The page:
Bonnie Bond, CPA: Well, I’m glad to hear that. That’s the right answer, yeah. 

Scotty Sykes, CPA, CFP: Yeah, I see a lot of owners struggle with the operations side of things. They’re not, because payroll being the second largest expense in the pharmacy and not maybe being as efficient as they could be, maybe the pharmacy’s not set up the way it could be to maximize efficiencies. Is the CORE Program gonna touch on some operational best practices and training?  

Scott Pace: Definitely there’s definitely going to be a big ops piece so that there’s three domains outside of leadership. There’s obviously the financial piece which you guys are going to be a big part of but there’s definitely going to be an operations domain and then a marketing domain. So, and it’s really important we’re actually going to be doing we’re starting our onboarding interviews with the participants here in the next week too. We’re going to try to get a real feel for their practices on an intimate level. That’s part of the reason for keeping it in the small group to start with. We’re going to understand from them, not just sitting in a seat and hoping that they get something from a presentation that week, but we’re going to hear from them on the front end of what they want to get out of the program. What are their biggest challenges? Where do they think their biggest pain points are? We want to personalize it in a way that helps solve an issue that they’re having, right? And that’s part of what the small group and the collaborative, I think, will really assist with. Because sometimes it’s not…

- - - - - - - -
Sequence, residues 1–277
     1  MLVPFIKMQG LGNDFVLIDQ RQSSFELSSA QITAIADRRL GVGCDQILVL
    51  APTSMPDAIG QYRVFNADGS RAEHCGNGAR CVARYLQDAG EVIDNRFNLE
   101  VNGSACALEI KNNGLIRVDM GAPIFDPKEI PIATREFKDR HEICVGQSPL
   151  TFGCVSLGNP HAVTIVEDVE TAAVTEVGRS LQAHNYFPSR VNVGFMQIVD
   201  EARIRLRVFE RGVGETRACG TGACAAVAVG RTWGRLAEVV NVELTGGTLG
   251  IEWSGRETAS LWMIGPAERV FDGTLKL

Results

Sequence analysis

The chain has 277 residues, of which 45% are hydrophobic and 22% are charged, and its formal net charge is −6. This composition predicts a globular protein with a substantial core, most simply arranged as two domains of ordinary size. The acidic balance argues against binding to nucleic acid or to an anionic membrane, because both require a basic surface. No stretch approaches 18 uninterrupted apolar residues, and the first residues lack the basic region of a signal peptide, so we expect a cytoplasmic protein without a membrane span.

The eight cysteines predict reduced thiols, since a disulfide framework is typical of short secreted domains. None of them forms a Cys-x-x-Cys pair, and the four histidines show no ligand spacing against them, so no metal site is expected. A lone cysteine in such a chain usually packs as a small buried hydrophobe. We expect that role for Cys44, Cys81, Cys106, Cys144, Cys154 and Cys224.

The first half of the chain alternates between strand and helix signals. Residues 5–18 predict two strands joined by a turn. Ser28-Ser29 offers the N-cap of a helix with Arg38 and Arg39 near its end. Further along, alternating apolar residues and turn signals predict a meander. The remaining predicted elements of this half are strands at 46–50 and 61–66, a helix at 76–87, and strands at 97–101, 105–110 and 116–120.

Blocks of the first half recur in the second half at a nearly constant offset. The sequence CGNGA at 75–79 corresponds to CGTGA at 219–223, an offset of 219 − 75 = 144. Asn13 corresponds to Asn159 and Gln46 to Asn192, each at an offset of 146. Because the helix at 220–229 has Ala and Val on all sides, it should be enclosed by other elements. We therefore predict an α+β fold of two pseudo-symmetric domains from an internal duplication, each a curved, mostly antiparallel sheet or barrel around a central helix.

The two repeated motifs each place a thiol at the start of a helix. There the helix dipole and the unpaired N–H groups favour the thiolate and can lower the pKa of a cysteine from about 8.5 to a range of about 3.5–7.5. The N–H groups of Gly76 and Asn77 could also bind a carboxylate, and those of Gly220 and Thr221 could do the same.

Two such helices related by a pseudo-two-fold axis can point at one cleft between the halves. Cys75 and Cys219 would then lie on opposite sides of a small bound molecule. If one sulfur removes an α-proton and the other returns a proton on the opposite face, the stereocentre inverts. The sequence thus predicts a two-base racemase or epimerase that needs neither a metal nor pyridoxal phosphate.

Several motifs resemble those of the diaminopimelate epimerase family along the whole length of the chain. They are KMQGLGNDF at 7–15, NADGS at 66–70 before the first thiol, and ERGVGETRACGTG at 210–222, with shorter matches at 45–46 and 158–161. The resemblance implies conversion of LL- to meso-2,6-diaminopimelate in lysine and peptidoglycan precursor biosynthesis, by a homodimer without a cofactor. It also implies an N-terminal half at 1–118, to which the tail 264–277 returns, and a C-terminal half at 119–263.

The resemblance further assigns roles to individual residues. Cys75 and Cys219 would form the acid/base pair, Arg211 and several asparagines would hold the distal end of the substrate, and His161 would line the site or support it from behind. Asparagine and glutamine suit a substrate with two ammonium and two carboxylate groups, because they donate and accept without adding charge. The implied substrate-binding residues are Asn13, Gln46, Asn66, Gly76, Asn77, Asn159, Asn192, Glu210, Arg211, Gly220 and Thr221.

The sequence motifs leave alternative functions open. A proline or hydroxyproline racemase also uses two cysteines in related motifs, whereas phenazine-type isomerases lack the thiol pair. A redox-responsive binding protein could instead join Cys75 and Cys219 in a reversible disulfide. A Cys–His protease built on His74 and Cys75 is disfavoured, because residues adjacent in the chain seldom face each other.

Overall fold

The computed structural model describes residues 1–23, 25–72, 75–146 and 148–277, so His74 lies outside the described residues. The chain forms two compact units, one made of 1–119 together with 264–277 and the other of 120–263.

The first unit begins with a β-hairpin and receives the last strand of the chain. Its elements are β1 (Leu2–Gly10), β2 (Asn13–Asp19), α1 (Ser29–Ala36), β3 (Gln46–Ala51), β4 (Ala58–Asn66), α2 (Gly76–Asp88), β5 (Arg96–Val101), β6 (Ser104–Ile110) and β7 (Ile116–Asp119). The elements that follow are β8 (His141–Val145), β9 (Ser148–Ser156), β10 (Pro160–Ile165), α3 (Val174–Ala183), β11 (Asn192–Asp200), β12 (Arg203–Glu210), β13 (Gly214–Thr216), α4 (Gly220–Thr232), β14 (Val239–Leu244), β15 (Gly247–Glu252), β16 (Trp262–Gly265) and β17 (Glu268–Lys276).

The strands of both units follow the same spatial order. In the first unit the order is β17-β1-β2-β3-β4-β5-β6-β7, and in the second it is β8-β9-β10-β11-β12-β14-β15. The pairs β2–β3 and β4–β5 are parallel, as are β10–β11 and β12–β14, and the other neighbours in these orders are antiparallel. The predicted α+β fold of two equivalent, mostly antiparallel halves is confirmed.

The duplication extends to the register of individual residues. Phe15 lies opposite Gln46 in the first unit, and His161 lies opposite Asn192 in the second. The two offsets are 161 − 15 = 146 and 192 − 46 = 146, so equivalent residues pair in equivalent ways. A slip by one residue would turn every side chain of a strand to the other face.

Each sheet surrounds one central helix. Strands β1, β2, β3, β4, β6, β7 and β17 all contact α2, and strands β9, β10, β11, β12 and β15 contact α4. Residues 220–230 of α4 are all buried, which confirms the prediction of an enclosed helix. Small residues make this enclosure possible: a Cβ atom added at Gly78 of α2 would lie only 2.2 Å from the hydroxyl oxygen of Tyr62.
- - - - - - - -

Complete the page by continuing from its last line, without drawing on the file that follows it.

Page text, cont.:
Scotty Sykes, CPA, CFP: A customized, yeah, customized bridge. I love that, yeah.